POLITICS

Trump Supporters Think Unemployment Is Way Higher Than It Is

And it helps explain how Trump's gotten so far.

WASHINGTON ― Unemployed supporters of Donald Trump vastly overestimate the U.S. unemployment rate, according to a new survey that is helpful for understanding Trump’s fact-free rise to the top of the Republican Party

Jobless Trump supporters were likelier than their Hillary Clinton-backing counterparts to say the unemployment rate is 15 percent or higher, The Washington Post’s political science blog Monkey Cage reported Wednesday. 

The U.S. unemployment rate currently stands at 5 percent, though Trump himself has frequently said the official number is bogus. 

“Don’t believe those phony numbers when you hear 4.9 and 5 percent unemployment,” Trump has said, wrongly. “The number’s probably 28, 29, as high as 35. In fact, I even heard recently 42 percent.”

Told the jobless rate is more like 5 percent, about a third of Trump supporters in the Monkey Cage survey chose the gloomier assessment of 15 percent or higher, which was shared by about a third of respondents in a control group that was not given factual information. Nearly 40 percent of Trump supporters not given any cues chose the 15 percent rate, which was the highest researchers offered.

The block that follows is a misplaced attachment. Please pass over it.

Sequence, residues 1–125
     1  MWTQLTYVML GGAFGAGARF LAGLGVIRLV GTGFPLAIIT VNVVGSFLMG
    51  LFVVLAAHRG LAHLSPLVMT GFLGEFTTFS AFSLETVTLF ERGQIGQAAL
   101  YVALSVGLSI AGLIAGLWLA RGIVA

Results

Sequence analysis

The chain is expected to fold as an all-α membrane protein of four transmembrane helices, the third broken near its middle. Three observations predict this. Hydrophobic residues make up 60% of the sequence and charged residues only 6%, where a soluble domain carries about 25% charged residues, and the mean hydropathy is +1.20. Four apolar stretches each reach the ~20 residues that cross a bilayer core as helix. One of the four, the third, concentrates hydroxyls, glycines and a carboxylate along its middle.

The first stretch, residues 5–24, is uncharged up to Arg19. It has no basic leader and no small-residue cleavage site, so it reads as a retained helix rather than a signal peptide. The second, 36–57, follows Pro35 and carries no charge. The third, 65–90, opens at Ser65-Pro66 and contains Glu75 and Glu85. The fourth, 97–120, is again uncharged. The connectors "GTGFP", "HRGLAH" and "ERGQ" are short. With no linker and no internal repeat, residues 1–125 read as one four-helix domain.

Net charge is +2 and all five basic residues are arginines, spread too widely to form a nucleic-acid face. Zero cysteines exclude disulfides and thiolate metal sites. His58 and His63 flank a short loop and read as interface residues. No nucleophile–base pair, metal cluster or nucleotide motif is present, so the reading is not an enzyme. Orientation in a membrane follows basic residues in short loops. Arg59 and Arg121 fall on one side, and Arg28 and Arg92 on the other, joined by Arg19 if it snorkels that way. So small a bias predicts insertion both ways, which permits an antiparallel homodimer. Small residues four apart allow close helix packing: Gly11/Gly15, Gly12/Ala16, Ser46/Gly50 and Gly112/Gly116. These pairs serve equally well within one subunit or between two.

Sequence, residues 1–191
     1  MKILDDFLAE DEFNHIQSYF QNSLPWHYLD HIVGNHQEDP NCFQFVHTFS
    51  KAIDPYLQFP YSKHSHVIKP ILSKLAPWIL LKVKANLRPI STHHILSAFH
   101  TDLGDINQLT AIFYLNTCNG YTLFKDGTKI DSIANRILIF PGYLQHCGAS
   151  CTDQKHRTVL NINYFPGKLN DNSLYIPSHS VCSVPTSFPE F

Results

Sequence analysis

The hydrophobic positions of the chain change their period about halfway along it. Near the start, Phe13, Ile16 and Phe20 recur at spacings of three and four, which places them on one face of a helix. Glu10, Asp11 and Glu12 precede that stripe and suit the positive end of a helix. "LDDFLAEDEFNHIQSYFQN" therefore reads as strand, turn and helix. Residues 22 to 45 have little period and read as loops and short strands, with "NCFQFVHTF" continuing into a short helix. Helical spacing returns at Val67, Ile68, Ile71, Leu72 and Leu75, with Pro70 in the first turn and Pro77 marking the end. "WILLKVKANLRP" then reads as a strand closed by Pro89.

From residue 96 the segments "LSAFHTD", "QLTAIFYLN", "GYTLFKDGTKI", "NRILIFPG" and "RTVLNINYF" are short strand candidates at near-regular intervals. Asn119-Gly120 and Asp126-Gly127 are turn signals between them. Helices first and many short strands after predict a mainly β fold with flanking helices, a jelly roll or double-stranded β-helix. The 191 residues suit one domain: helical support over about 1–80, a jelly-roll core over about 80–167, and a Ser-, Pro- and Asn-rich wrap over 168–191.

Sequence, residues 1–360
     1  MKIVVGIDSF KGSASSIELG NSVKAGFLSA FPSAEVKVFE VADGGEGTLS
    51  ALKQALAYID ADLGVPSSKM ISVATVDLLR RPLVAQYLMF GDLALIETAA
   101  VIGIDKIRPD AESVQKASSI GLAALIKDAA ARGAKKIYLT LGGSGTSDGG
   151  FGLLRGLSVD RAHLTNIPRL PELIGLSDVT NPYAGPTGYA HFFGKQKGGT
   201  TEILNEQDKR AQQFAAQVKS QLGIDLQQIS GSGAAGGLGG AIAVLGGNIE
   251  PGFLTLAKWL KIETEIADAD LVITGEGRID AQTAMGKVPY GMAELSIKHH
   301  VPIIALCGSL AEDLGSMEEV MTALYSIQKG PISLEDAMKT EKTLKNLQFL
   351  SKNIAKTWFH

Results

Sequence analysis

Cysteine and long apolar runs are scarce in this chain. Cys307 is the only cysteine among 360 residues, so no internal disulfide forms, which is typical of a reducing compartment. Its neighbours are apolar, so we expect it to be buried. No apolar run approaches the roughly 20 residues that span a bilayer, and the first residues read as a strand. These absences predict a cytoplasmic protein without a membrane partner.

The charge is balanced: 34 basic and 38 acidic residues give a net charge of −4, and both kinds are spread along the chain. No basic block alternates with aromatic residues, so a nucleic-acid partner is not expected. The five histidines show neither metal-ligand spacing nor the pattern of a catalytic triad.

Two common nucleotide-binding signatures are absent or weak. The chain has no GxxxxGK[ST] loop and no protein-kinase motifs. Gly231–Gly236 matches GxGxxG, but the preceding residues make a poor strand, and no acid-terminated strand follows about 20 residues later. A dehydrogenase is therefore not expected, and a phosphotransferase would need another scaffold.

When respondents were asked about the jobless rate after being given an angrier political framing ― one that said politicians are to blame for unemployment ― fully 45 percent of Trump supporters put the rate at 15 percent or higher. Only 26 percent of Clinton supporters cited the higher unemployment rate after being given the angry framing. 

These findings led the trio of researchers who conducted the survey to an insight that helps explain the popularity of a candidate who constantly spews untrue statements. 

“Factual appraisals appear to be driven by emotional reactions and candidate attachments, rather than by pure information,” S. Erdem Aytaç, Eli Rau and Susan Stokes wrote for the Post. 

The study is based on a survey of 1,000 unemployed Americans over several days in October.

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